To fully understand the challenges facing direct care workers—and how to solve them—researchers must reach out directly to workers. In 2020, PHI partnered with four managed care organizations in Arizona to survey more than 4,000 paid caregivers in the state about their experiences and insights. Released in August 2021, the findings show that various factors influence workers’ longevity in the field, including compensation, training, supervision, opportunities for advancement, and support during the COVID-19 pandemic, among others. Read it here.


Federal Policy Priorities for the Direct Care Workforce (Jul 2021)

To support a new presidential administration, we released a federal report with nearly 40 concrete recommendations for the White House, Congress, and key federal departments and agencies. The report’s recommendations span eight issue areas that are key to transforming jobs for this rapidly growing sector: financing, compensation, training, workforce interventions, data collection, direct care worker leadership, equity, and the public narrative. Read it here.


Localized Strategies for Addressing the Workforce Crisis in Home Care (Nov 2019)

While resolving the direct care workforce crisis will require concerted action at the state and national levels, there is also an important role for local governments and stakeholders to play. This issue brief presents a range of localized strategies for strengthening the home care workforce, along with real-world examples. Read it here.


Envisioning the Future of Home Care: Trends and Opportunities in Workforce Policy and Practice (Oct 2019)

As the U.S. population lives longer and grows older, more individuals will require support to continue living independently in their homes and communities—and yet the home care sector might be unprepared to meet this demand. How can we strengthen the home care workforce and improve home care access and quality for consumers in the years ahead? This report describes the current and projected home care landscape—focusing on consumers, workers, and the sector—and builds a vision for the future of home care services in the United States. The report culminates with recommendations for achieving this vision. Read it here.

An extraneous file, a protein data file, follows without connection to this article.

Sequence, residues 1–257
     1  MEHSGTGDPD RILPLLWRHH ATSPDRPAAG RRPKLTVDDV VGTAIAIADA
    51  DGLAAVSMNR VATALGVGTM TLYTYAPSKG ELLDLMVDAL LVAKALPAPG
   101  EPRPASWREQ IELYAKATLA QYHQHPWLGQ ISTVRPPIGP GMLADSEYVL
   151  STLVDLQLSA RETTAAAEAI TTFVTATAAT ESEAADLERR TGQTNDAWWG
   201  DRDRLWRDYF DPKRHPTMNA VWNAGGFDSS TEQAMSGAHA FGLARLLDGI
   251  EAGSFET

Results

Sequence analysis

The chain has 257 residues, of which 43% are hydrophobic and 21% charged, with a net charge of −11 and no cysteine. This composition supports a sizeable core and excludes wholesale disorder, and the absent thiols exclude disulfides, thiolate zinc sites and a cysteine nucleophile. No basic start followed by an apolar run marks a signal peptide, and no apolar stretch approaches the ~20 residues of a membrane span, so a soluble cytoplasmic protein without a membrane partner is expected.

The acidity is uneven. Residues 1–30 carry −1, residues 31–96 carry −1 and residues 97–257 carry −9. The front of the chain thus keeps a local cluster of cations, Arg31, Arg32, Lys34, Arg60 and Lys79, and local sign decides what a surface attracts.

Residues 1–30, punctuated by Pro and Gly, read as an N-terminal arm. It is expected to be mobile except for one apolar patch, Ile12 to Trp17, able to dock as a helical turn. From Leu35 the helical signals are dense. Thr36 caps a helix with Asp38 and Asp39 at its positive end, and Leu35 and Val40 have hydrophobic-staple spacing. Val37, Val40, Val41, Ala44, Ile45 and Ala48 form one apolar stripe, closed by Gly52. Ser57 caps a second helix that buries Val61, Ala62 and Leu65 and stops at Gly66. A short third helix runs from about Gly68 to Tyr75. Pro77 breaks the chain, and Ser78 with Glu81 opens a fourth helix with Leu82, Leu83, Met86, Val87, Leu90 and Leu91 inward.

Growing a Strong Direct Care Workforce: A Recruitment and Retention Guide for Employers (May 2018)

What are the best ways to find and keep direct care workers in long-term care? This is a common question from long-term care employers that reflects their concerns about filling vacant jobs and reducing turnover, whether providing care in nursing homes or in the community. It’s also a question that PHI is well-equipped to answer, given our three decades of experience in the field. This guide provides employers with 10 practical strategies for recruiting and retaining direct care workers. Read it here.

Scroll through PHI’s entire publication library.

Visit our National Direct Care Workforce Resource Center.

Contributing Authors

Caring for the Future

Our new policy report takes an extensive look at today's direct care workforce—in five installments.

Workforce Data Center

From wages to employment statistics, find the latest data on the direct care workforce.